We also see here the fairly large 12.8" brakes and two-pot brake calipers, but the system looks a bit tiny relative to the 20" wheels.
Those big brakes are cooled via vents in the front fascia and a set of ducts that direct the air towards the caliper and rotor. Those of us that engage in backroad thrashing, autocrosses, and open-track days with heavy vehicles really appreciate such touches, and they go a long way towards establishing this vehicle's high-performance credentials.
As we've already mentioned, the TrailBlazer SS routes its power to each set of wheels via a single-range full-time transfer case. The magic is achieved via the use of a Torsen T-3 limited-slip differential, which uses a series of gears to smoothly bias drivetrain torque. In this case, 67% of the available torque is routed to the rear wheels, but that can be limited to 55% or increased to 75%, depending on available traction. Oversteer fans will find that enjoying their craft isn't totally ruled-out by this AWD system.
The twin downpipes and catalytic converters merge via a Y-pipe into a single exhaust system. Two mufflers - one located before the axle, and one located after - attempt to silence the powerplant. Let's just say that they wage a valiant fight, but are overwhelmed in the end. The exhaust system allows the escape of maybe the nastiest exhaust note we've heard from a Detroit product since the era of the muscle car. It's tame at idle but quickly draws attention as the throttle is opened, eventually getting loud enough at WOT to attract dirty looks from bystanders. Since we think that the baritone roar of a V8 one of the finest sounds that a motor vehicle can emit, we were left wishing only that every vehicle could sound this good.
Out back, we find a solid axle; in this case, the beefy 9.5" 14-bolt unit that's usually employed in 3/4-ton trucks. An Eaton Posi, loaded with the company's 400-lb preload spring pack, keeps the torque flowing to both wheels. A 24mm sway bar keeps roll under control. Fore-aft location is managed via a set of upper and lower trailing links (4 total), which is a system that has proven very effective at preventing axle hop and provides the ability to tune in anti-squat and anti-dive. Lateral location is a weakness of such a system, so a Panhard bar is employed to keep the axle where it should be during hard cornering.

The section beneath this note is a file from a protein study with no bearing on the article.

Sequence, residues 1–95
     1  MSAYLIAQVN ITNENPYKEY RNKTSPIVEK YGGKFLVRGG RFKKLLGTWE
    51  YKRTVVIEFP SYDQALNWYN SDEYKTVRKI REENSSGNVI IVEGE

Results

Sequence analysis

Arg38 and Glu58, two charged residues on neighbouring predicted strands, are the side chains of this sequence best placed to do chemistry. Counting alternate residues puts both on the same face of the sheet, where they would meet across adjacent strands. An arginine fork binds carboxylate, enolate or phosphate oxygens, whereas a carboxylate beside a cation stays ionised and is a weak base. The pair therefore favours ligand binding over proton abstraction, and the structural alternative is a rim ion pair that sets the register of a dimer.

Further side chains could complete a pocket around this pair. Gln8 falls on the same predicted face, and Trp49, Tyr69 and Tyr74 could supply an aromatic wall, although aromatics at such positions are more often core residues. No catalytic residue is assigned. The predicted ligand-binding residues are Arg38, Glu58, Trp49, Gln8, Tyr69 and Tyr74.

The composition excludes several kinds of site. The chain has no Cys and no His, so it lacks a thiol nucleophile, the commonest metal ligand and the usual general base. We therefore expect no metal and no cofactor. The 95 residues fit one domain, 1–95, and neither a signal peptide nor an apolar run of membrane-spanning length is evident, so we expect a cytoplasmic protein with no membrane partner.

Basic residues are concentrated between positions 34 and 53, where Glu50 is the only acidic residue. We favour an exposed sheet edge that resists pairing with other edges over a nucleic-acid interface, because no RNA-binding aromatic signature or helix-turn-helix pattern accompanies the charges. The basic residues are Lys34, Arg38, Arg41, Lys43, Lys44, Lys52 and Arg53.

Unfortunately, that Panhard bar does pinch the exhaust a bit. We'd expect the aftermarket to come up with a solution for this issue.
Apparently, it was deemed necessary to use an auto-leveling air system out back in order to combine the vehicle's impressive towing capability with its low ride height, and so air springs are used in lieu of the coils that are normally employed. Because of an air spring's rising-rate characteristic, they often can cause a harsh and bouncy ride, but this system is transparent with regards to ride quality or handling. Once again, we give credit to the Bilstein shocks. OK, admittedly, we also like the bit of eye candy that the bright-yellow tubes provide.
Think your job is tough? Trying being a rear brake that's caught between the traction control system and a vehicle with nearly 400 HP. A few runs up and down an icy gravel road to test the effectiveness of the AWD system left the rear brakes that lovely bluish-purple sheen that comes only through intense heat.
So, how well does all this hardware work? Stay tuned for Days 4 and 5 of our experience with the TrailBlazer SS, where we'll wrap things up with the impressions that we've formed after a week of thoroughly thrashing this vehicle in a variety of driving situations.